from The American Heritage® Dictionary of the English Language, 4th Edition
- n. A metal tool with a sharp beveled edge, used to cut and shape stone, wood, or metal.
- transitive v. To shape or cut with a chisel.
- transitive v. Informal To cheat or swindle.
- transitive v. Informal To obtain by deception.
- intransitive v. To use a chisel.
- intransitive v. Informal To use unethical methods; cheat: "who's up, who's down and who's chiseling on the side” ( James Reston).
- intransitive v. Informal To intrude oneself without welcome: always tries to chisel in on our conversations.
from Wiktionary, Creative Commons Attribution/Share-Alike License
- n. A cutting tool consisting of a slim oblong block of metal with a sharp wedge or bevel formed on one end. It may be provided with a handle at the other end. It is used to remove parts of stone, wood or metal by placing the sharp edge against the material to be cut and pushing or pounding the other end with a hammer, or mallet.
- v. To use a chisel.
- v. To work something with a chisel.
- v. (informal) To cheat, to get something by cheating.
from the GNU version of the Collaborative International Dictionary of English
- n. A tool with a cutting edge on one end of a metal blade, used in dressing, shaping, or working in timber, stone, metal, etc.; -- usually driven by a mallet or hammer.
- transitive v. To cut, pare, gouge, or engrave with a chisel.
- transitive v. To cut close, as in a bargain; to cheat.
from The Century Dictionary and Cyclopedia
- To cut, pare, gouge, or engrave with a chisel: as, to chisel marble.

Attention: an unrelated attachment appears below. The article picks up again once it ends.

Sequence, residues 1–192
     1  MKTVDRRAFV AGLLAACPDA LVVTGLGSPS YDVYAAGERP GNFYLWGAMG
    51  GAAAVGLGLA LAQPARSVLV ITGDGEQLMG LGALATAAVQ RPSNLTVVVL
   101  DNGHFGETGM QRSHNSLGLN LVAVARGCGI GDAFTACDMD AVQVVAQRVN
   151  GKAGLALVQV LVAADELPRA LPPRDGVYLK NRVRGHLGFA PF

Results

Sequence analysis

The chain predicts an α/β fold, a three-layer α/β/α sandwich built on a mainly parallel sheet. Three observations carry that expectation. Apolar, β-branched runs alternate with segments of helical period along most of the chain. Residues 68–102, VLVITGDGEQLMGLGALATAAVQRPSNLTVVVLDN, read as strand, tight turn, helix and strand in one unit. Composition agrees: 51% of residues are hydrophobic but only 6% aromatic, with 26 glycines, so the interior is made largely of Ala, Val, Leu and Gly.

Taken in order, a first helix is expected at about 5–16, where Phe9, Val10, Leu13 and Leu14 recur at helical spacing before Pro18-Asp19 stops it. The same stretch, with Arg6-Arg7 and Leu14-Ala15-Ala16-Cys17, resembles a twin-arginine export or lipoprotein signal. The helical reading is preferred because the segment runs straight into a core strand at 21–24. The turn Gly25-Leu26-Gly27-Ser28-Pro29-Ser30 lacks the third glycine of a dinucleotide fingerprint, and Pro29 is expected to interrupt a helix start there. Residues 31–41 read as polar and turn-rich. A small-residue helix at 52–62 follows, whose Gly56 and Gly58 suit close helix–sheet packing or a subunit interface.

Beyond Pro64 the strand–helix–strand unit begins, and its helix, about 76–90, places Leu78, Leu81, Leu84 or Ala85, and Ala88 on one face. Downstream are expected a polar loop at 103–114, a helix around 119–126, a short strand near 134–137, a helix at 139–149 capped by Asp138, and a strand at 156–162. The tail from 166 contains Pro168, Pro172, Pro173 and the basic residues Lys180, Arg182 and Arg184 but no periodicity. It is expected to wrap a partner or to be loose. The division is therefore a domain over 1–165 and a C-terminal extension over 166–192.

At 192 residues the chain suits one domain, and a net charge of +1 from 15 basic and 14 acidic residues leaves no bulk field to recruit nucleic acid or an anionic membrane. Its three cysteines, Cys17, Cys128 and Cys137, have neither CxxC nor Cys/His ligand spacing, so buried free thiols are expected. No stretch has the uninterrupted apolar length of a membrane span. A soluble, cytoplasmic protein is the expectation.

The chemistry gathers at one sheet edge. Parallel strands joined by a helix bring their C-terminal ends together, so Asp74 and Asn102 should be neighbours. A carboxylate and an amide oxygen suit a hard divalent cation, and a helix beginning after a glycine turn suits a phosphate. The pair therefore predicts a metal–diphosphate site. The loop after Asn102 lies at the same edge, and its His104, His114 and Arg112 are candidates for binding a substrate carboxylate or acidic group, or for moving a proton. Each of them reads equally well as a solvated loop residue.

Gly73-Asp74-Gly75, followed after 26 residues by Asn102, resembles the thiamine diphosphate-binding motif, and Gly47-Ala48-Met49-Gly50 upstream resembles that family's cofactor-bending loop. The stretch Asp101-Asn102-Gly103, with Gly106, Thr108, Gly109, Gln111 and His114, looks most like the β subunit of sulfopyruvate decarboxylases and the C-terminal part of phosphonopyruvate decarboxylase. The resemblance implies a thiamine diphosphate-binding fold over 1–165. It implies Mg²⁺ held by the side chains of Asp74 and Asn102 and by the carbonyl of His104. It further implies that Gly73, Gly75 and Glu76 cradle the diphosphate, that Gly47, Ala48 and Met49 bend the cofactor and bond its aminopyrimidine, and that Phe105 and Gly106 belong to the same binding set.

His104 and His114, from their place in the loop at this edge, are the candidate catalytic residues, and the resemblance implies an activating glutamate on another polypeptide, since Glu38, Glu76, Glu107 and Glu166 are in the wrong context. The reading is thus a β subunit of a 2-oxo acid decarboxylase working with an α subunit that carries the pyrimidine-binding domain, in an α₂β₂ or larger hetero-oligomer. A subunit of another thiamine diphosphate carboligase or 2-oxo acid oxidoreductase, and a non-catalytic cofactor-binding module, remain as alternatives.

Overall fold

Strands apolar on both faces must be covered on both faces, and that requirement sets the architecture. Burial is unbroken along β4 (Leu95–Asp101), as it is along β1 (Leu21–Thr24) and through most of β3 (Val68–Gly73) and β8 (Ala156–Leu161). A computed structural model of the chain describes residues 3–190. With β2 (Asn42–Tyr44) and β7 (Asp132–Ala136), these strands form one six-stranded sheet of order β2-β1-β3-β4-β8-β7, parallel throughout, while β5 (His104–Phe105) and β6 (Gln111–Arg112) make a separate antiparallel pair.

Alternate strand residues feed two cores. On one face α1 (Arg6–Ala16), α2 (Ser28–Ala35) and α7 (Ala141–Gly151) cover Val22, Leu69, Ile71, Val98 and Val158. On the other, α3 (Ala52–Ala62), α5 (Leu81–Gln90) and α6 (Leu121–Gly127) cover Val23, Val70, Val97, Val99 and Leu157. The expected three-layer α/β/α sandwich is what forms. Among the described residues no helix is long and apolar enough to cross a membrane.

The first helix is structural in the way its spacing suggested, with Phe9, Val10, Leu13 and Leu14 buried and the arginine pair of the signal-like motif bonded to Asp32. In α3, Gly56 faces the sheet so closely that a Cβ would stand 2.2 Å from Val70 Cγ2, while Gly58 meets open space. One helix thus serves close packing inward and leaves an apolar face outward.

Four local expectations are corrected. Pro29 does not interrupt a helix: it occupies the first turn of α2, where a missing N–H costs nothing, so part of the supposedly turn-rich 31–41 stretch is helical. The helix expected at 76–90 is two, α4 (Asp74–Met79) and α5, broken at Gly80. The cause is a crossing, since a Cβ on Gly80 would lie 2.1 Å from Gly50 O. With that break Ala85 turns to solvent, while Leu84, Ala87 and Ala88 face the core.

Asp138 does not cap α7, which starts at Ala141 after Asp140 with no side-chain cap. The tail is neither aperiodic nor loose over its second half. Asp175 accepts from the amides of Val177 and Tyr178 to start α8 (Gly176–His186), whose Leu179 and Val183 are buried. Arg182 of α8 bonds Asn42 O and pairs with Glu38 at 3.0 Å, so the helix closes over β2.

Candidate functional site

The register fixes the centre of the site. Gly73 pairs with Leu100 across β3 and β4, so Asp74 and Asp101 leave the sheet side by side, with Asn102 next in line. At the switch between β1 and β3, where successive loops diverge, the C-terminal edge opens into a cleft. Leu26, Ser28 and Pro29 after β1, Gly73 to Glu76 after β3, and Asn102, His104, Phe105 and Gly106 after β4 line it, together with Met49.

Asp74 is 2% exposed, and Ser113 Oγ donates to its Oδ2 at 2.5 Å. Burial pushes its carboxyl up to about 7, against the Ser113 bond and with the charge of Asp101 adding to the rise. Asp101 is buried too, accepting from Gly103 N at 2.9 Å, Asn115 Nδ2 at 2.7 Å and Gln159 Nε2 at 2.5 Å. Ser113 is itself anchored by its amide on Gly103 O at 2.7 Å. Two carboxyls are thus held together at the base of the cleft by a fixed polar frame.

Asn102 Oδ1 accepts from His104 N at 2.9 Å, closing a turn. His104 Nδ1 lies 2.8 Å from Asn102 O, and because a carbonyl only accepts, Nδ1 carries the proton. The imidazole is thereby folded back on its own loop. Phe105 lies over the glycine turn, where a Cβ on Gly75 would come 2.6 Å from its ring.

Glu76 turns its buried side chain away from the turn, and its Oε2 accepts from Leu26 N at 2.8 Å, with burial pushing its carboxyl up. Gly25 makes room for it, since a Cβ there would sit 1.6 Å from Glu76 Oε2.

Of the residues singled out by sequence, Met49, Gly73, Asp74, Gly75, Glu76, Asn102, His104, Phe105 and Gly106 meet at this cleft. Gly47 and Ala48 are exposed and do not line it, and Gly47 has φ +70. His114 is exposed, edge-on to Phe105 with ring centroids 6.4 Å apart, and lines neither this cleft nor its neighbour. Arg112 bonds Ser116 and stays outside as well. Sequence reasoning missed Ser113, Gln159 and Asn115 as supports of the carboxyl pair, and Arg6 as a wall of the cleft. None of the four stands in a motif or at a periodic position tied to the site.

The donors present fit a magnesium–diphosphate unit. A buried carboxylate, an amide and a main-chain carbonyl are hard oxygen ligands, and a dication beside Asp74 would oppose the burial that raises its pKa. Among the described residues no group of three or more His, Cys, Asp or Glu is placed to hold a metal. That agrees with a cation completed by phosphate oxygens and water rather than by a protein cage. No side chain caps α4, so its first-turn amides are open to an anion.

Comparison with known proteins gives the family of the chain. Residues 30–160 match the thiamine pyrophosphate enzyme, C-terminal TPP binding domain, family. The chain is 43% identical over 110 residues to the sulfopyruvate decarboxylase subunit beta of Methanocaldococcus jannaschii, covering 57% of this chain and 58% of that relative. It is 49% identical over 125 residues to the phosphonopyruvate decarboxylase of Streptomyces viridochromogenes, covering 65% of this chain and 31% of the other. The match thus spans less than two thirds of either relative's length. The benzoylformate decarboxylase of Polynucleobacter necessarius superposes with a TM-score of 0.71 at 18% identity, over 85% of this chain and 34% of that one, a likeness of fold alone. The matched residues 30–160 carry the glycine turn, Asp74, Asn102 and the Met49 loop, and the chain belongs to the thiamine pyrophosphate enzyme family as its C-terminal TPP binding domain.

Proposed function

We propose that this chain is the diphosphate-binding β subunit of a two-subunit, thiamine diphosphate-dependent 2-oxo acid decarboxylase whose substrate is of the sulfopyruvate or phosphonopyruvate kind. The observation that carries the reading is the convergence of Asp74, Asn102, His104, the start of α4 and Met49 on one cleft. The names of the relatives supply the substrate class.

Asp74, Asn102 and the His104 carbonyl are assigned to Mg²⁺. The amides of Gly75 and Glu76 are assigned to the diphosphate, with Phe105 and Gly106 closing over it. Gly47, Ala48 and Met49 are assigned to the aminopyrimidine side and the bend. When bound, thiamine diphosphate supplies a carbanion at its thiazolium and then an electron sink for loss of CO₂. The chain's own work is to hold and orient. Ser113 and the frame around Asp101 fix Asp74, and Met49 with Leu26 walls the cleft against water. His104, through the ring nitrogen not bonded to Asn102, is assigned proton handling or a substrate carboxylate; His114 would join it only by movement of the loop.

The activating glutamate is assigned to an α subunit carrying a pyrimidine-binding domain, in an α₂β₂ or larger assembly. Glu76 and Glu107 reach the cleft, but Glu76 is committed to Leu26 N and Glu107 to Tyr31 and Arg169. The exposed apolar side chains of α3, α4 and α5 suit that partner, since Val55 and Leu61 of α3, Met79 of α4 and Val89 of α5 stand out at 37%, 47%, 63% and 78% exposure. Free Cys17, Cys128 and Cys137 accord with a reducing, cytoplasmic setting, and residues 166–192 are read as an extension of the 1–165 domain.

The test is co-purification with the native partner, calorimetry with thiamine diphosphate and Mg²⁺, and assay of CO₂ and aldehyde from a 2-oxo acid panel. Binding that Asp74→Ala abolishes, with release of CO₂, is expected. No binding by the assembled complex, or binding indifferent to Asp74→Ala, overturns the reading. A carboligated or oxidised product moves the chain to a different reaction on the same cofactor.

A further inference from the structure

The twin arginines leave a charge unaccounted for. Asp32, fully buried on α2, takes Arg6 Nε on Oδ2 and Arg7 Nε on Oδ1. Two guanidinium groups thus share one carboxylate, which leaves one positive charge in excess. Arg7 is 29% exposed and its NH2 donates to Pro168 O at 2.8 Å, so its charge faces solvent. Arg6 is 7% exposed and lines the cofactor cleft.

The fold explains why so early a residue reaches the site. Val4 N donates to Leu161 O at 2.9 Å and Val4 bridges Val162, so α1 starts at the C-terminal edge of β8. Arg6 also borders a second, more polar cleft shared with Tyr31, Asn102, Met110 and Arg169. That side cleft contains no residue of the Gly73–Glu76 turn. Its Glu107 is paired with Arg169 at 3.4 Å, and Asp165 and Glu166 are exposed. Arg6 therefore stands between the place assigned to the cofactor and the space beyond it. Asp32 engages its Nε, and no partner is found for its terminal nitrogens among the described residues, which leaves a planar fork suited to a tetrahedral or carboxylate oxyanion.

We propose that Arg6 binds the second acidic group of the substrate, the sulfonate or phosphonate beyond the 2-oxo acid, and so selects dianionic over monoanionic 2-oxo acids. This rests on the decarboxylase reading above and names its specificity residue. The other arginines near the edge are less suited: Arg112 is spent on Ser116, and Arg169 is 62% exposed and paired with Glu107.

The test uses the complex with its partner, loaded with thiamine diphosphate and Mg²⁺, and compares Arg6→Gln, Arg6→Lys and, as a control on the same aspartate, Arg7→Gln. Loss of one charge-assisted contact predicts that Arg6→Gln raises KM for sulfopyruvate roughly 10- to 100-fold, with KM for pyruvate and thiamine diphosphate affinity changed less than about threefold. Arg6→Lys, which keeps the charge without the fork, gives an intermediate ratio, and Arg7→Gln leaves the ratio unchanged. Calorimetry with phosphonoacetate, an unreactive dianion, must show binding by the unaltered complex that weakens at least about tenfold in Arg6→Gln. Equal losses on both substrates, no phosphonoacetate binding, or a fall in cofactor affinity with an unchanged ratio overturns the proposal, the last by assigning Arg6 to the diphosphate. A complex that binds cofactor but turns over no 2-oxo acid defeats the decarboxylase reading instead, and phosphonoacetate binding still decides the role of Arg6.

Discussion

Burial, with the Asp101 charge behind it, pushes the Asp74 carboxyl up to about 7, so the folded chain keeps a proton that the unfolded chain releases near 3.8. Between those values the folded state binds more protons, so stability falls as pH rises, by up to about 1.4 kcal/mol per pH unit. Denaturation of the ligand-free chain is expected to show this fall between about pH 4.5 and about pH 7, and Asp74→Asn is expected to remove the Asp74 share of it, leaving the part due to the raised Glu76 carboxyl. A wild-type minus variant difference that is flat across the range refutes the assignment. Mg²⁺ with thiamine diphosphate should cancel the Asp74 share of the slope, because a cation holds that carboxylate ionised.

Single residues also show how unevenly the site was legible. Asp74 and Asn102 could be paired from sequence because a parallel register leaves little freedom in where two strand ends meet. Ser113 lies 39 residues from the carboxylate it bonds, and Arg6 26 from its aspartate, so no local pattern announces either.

- To make by cutting or engraving with a chisel: as, to chisel a statue from stone.
- Figuratively, to cut close, as in a bargain; gouge; cheat: as, to chisel one out of his share.
- n. Gravel.
- n. Bran; coarse flour; the coarser part of bran or flour: generally in the plural.
- n. A tool consisting of a blade, commonly flat, but sometimes concavoconvex, having a beveled or sloping cutting edge at one extremity and a handle at the other, designed to cut under the impulse of a blow from a mallet, or under pressure of the hand or in a lathe.
from WordNet 3.0 Copyright 2006 by Princeton University. All rights reserved.
- v. carve with a chisel
- v. engage in deceitful behavior; practice trickery or fraud
- v. deprive somebody of something by deceit
- n. an edge tool with a flat steel blade with a cutting edge
Implements for both soil preparation and weed control are collectively considered under the term chisel plow.
In the narrower sense the term chisel plow is used for deeper soil preparation with tines and superficial tilling with duckfoot, sweep shares, etc. (e.g. bico de pato; section G 2.4.4).
The word chisel has appeared in 26 New York Times articles in the past year, including on Feb. 7 in the Wheels blog post "Bonhams at the Grand Palais: A Rarified Setting for Rare Metal," by Donald Osborne:
He would only chisel from a widow he might have married.
Perhaps then the soft copper chisel is not so poor a tool after all.
The chisel is a knife designed to be struck with a mallet, while the saw is a knife shaped with a row of mini-blades.
Why must a carving chisel, which is beaten by a wooden cudgel, have a metal ring at the upper handle?
The cutting effect of the chisel is achieved by hammering on the head end of the chisel, which is an energy and time consuming operation.
Another use for the chisel is the cutting of tins.
PARING away the waste material with a chisel is the next step, and this is shown at Fig. 68.